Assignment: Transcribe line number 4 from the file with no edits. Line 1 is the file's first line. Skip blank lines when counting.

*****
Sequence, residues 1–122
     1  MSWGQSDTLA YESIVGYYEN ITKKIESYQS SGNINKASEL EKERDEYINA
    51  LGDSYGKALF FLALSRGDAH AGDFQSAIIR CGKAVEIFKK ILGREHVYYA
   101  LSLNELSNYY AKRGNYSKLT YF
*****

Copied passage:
   101  LSLNELSNYY AKRGNYSKLT YF